The future of millions of undocumented students hangs on the lame-duck Congress
Sup. John Avalos says the DREAM Act recognizes the contribution immigrants make to the community, and to the creation of economic opportunities for everybody. "Immigrants here support themselves and their families across the water, so it makes sense that we make proper investments and support," Avalos said. "Education is one way to make the world a more stable place."
Sup. David Campos, who came to the U.S. from Guatemala as an undocumented teenager, sees the DREAM Act as a piece of commonsense legislation.
"It's so modest," Campos said. "Even those who are against comprehensive immigration reform should be for something that recognizes that young people, who came here not by choice but because of their parents' issues, should be given a chance to give back."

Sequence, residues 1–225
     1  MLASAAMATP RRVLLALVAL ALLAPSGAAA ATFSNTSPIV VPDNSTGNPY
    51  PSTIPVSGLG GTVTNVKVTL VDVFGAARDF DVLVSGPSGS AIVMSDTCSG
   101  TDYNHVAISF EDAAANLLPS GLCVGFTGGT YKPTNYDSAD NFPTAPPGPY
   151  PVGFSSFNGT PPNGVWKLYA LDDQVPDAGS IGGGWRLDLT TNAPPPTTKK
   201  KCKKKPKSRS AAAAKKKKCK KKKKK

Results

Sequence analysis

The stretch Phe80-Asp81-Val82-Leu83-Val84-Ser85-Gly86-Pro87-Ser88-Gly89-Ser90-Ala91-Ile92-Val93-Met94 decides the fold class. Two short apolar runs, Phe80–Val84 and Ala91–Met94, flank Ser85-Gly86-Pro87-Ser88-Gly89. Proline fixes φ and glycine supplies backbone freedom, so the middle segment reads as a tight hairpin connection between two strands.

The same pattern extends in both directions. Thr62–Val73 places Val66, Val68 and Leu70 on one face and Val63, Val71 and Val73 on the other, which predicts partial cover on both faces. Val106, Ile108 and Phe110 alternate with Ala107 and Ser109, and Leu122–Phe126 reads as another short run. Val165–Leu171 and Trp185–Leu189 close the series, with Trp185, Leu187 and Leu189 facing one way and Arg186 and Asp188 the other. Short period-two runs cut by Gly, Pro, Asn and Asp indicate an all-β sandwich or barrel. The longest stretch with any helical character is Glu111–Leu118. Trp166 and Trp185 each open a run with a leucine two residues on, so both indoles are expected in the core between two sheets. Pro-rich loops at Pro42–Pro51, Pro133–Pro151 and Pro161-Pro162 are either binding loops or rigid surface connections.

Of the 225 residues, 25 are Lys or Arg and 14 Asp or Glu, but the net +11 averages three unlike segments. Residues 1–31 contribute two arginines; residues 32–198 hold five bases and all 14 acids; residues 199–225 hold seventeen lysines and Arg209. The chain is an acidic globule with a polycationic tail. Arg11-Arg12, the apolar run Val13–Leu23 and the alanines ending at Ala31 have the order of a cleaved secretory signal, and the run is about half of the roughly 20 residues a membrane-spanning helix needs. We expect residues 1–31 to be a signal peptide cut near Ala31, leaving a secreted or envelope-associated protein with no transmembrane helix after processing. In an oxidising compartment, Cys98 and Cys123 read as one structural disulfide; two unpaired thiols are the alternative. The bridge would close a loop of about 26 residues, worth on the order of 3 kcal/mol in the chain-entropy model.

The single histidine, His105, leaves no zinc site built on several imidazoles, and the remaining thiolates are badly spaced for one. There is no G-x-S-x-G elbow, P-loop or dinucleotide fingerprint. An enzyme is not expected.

Campos said his father was able to gain legal status for his whole family because of his employment, but that many undocumented youth aren't so lucky.
"We open the doors to our public schools, we invest in their education, and then, when they are ready to give back to us, we say, 'No, we don't want you here,'" Campos said. "The best and brightest, the risk-takers, come here. As a country, we cannot go forward unless we realize that this influx of creativity and entrepreneurship made this country what it is."
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